Thursday, December 3, 2015

Equitable tolling saves untimely habeas petition

This guy went to jail and hired a lawyer to file his habeas corpus petition. But, as the Court of Appeals dryly puts it, counsel "evidently showed a greater interest in collecting fee payments than in providing Martinez with adequate representation. The attorney missed the habeas petition deadline and was barely responsive to Martinez's case[.]" The district court chucked the habeas petition that Martinez finally submitted as time-barred. The Court of Appeals brings the habeas petition back, granting Martinez a rare exception to the blown-deadline rule.

The case is Martinez v. Superintendent of Eastern Correctional Facility, decided on November 10. You only have one year to file a habeas petition. As counsel did not do the work and only wanted to get paid, this one was filed much later. At least Martinez found a lawyer to handle the appeal. That lawyer knows something about equitable tolling, which allows you to bypass the statute of limitations if the blown deadline is not your fault and you acted with reasonable diligence to preserve your rights. Courts do not grant equitable tolling very often, but the Court of Appeals (Walker, Jacobs and Livingston) does so here.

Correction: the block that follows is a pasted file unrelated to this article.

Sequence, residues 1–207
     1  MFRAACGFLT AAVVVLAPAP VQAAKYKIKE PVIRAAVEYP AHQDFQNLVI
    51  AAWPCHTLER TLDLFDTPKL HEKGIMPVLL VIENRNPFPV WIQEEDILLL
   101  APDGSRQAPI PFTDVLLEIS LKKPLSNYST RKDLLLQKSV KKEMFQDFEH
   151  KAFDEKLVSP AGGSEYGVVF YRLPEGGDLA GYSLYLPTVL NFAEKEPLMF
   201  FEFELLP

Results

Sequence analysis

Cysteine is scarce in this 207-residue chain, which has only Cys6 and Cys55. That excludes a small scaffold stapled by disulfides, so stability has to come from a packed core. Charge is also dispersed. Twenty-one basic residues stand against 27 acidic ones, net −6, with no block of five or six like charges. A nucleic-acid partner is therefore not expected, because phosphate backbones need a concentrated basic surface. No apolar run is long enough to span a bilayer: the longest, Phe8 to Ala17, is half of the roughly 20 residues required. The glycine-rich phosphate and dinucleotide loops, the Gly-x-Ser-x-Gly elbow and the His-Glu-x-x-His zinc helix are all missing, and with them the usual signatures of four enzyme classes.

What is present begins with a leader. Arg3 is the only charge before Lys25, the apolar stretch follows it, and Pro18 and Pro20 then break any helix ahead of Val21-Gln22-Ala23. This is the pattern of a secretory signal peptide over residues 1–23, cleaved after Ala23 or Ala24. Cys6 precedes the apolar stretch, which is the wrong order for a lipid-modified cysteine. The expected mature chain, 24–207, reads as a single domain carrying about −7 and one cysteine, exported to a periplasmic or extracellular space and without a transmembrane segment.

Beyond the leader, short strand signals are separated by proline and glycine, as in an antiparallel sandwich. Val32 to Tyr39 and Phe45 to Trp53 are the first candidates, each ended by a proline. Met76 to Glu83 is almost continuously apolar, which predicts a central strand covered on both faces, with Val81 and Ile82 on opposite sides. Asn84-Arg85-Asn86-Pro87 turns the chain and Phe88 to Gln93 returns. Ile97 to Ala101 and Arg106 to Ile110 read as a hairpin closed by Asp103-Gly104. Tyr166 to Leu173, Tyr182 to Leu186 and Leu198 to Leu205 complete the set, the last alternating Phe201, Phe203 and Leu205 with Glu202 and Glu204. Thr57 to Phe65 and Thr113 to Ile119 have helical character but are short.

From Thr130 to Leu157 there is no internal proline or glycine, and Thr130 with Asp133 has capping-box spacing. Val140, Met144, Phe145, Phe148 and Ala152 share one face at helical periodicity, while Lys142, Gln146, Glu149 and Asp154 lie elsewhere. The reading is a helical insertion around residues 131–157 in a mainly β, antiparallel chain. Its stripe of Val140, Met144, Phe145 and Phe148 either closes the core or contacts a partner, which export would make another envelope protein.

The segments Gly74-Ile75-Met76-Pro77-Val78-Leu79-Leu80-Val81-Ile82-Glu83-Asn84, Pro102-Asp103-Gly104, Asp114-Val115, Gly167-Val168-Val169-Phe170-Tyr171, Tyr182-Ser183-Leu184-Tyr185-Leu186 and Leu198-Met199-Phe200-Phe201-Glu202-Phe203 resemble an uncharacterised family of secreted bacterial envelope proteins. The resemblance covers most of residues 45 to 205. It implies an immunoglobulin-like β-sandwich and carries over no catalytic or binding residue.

Martinez acted with reasonable diligence here. He hired a lawyer to handle the case and that lawyer actively concealed his law firm's failure to do the work, writing him letters that suggested they were working on the case. Martinez was lulled into believing that someone was doing the work. He had no reason to suspect otherwise. While the district court said Martinez could have hired another lawyer, there is no basis to really know if that was true. And while the lower court said he could have drafted the petition himself, this capability was not clearly established on the record.

We have no idea if Martinez even has a meritorious habeas petition. But the Court of Appeals doesn't worry about that. By way, Martinez's first habeas lawyer got sanctioned by the grievance committee. And the Second Circuit opinion identifies him by name. It that does not motivate lawyers to do their job, then I don't know what will.

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